Webinar on “Outlook for China’s Foreign Policy and Decision-Making in Xi Jinping’s China after the 20th Party Congress”

In this webinar, Prof Suisheng Zhao discussed how Xi Jinping’s third term as the Chinese Communist Party’s General Secretary is expected to have an impact on China’s external relations globally and in Southeast Asia through its foreign policy and decision-making.


Tuesday, 25 October 2022 – The recently-concluded 20th National Congress of the Chinese Communist Party (CCP) saw President Xi Jinping securing a third term in office and installing loyalists to the Politburo and its Standing Committee. To analyse how such developments will affect Beijing’s foreign policy-making in the coming years, the ISEAS – Yusof Ishak Institute hosted Professor Suisheng Zhao to discuss the “Outlook for China’s Foreign Policy and Decision-Making in Xi Jinping’s China after the 20th Party Congress”. Professor Zhao is a Professor and Director of the Center for China-US Cooperation at the Josef Korbel School of International Studies at the University of Denver.

Speaker Prof Suisheng Zhao (right) with moderator Ms Lee Sue-Ann. (Credit: ISEAS – Yusof Ishak Institute)

Professor Zhao highlighted how the 20th Party Congress has entrenched the concentration of power around President Xi. While the composition of previous Politburos and Standing Committees was designed in a way to offer some balance among the political factions in China, Professor Zhao described the new line-up as the “most extreme possible list of ‘All Xi’s Men’”, enabling Xi to become a “supreme leader without a rival”. Moreover, the elevation of Shanghai party secretary Li Qiang—a Xi loyalist who presided over the chaotic Covid-19 lockdowns of Shanghai—into the No. 2 spot in the Standing Committee (positioning him as China’s next premier come March 2023) suggests that the new line-up was more about prioritising personal loyalty to Xi and ideology over professionalism and meritocracy. Tellingly, the fact that there was no Standing Committee member below the age of 60 indicates that no clear successor to Xi has been identified and that Xi was planning to stay in power for at least the next ten years. Professor Zhao noted that Xi was 54 years old when he was elevated to the Standing Committee.

Professor Zhao laid out the complex bureaucracy that undergirds China’s foreign and national security policy-making, which includes the CCP’s Central Committee, the Politburo and the Standing Committee as the top-most layer. Beneath this layer are the “policy coordination and elaboration organizations”, whose function is to build policy consensus around foreign affairs and national security issues behind the scenes. The third layer consists of line departments in the state, party and military apparatus.

Professor Zhao noted that China’s paramount leaders have often restructured the foreign policy-making apparatus to advance their respective agendas. For instance, while Mao Zedong adopted a top-down leadership structure, he delegated primary responsibility for foreign affairs to Zhou Enlai. Meanwhile, Deng Xiaoping pursued an approach of delegation by consensus, but would intervene and ratify certain decisions if necessary. Jiang Zemin and Hu Jintao practised collective leadership. Professor Zhao added that, during Jiang’s and Hu’s tenures, China’s foreign policy-making apparatus had become increasingly professionalized. However, under Xi, decision-making has become once again centralized under a supreme leader.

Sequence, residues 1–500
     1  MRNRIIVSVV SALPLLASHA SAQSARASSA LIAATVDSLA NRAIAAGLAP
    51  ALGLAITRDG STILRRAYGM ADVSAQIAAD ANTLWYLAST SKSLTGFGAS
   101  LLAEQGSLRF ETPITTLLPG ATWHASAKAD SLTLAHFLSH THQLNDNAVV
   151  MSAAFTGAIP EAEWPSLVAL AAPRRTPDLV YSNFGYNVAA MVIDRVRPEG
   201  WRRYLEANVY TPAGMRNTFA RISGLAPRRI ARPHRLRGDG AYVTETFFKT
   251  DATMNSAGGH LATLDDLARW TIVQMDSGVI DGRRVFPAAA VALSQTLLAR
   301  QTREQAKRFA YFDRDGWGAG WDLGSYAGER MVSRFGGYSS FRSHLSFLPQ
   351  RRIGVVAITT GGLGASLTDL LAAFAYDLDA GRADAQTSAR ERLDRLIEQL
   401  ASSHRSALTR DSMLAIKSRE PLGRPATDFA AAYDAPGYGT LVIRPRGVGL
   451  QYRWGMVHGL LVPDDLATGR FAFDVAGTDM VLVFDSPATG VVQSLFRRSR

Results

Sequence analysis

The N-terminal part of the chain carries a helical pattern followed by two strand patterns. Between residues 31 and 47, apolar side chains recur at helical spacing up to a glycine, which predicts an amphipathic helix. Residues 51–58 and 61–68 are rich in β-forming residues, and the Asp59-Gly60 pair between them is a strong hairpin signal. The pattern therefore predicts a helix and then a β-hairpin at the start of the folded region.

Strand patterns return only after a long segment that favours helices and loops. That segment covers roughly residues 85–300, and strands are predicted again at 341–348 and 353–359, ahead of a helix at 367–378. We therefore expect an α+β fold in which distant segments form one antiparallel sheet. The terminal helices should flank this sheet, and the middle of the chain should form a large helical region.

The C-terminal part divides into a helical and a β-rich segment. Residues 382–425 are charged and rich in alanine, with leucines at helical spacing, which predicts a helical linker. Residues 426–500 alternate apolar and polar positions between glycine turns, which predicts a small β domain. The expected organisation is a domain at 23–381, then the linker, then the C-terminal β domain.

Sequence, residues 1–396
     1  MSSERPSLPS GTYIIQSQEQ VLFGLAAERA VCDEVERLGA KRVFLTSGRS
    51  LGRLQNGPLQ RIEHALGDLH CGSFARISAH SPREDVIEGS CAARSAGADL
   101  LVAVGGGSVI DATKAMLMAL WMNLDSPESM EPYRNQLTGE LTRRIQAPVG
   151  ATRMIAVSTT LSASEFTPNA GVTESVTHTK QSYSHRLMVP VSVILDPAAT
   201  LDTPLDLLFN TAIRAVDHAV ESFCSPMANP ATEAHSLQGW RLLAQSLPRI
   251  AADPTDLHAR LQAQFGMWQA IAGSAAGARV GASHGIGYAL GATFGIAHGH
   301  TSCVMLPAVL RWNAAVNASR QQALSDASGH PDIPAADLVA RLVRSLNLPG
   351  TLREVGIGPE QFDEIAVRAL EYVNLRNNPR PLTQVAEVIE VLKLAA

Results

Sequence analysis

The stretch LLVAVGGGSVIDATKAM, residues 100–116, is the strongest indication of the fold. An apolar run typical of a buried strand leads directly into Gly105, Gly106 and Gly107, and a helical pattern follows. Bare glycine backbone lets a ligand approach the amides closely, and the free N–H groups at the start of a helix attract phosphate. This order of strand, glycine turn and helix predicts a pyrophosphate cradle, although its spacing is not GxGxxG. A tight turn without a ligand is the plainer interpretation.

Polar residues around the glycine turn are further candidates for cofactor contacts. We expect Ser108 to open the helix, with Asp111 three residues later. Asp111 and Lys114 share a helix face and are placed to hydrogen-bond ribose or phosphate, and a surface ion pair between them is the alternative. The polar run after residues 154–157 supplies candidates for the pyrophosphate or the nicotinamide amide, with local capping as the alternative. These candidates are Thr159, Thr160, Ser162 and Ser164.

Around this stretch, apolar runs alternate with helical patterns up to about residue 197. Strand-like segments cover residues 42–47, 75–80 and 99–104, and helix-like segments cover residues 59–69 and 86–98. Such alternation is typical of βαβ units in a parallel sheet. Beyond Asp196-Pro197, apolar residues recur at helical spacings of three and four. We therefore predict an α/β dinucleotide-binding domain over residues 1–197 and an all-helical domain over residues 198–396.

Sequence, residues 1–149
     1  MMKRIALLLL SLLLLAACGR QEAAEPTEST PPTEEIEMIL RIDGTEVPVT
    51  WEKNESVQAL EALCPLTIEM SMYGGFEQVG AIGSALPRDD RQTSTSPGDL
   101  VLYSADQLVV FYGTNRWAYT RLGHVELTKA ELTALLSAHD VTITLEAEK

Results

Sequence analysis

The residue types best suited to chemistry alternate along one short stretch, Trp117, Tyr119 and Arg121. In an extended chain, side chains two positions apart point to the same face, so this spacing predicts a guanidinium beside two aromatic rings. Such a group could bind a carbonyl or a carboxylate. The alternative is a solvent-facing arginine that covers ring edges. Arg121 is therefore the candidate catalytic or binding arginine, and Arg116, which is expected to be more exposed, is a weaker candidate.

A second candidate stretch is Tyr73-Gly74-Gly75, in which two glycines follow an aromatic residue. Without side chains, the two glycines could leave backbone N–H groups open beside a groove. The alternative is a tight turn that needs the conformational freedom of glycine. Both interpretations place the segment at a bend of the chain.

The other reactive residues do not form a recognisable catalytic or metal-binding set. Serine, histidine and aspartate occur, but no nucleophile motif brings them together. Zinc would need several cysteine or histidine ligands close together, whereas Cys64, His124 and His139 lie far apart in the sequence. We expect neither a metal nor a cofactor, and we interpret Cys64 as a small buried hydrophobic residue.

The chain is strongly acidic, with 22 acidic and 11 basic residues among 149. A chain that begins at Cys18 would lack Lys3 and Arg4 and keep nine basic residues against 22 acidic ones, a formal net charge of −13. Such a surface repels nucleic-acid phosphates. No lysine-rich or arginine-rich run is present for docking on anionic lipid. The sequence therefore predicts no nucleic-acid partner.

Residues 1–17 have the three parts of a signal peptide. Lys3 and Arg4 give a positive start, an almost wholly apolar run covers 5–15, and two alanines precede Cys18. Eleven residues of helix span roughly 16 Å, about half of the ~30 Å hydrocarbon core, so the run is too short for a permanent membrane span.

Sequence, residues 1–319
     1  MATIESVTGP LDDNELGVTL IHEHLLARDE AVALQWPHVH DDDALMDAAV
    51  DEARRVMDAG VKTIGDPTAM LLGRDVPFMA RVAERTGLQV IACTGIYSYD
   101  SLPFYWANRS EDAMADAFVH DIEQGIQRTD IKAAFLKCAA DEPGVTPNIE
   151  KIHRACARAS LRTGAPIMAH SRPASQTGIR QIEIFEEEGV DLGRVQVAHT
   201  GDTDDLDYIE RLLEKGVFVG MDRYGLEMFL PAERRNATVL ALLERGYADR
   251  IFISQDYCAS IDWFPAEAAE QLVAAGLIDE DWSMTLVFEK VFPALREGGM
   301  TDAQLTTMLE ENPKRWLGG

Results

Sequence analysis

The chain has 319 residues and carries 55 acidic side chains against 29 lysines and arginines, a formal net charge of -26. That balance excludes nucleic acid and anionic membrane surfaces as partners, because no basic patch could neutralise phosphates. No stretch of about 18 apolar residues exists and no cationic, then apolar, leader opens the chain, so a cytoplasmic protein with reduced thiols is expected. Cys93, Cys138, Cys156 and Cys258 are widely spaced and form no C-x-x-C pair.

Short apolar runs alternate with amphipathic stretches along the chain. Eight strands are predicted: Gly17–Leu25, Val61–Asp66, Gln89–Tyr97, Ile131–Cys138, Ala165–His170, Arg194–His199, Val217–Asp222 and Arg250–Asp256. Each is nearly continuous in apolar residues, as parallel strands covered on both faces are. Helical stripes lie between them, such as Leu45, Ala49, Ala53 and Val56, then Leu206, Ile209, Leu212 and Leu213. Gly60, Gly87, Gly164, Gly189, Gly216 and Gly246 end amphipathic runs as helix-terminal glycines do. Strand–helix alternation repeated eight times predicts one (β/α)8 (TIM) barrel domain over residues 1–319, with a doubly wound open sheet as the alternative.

Xi was able to consolidate and concentrate power through a variety of means, including restructuring key decision-making bodies in China and introducing new rules of interaction among China’s senior officials. For instance, Xi reduced the size of the Standing Committee while centralizing policy-making authority in the party centre, which he occupies. He has also instituted rules which have the effect of incentivizing officials to pledge their personal loyalty to him. For instance, he changed the procedures for the annual work reports; now, China’s top leaders are required to write and submit their individual reports to Xi personally.

Xi has centralized power over China’s foreign policy by imposing a “top-level design” over the foreign-policy apparatus. This includes reconstituting the “central coordination organizations”, or the “leading small groups” (LSGs), that were meant to bypass the different decision-making layers and cut through bureaucratic roadblocks. Professor Zhao discussed three important LSGs: the Foreign Affairs Leading Small Group (FALSG), the National Security Leading Small Group (NSLSG), and the Protecting Marine Rights and Interests Leading Small Group (PMRILSG). The FASLG is generally regarded as the standing coordinating body for foreign policy in China, and its policy recommendations are taken to represent the shared consensus of China’s internal stakeholders. The NSLSG was created in 2000 in the aftermath of NATO’s bombing of the Chinese Embassy in Belgrade and is tasked with crisis management. The PMRILSG was another recent creation under Hu Jintao when China was embroiled in increasing tensions over the East and South China Seas. However, these bodies were reliant on the Central Foreign Affairs Office for staffing and resources.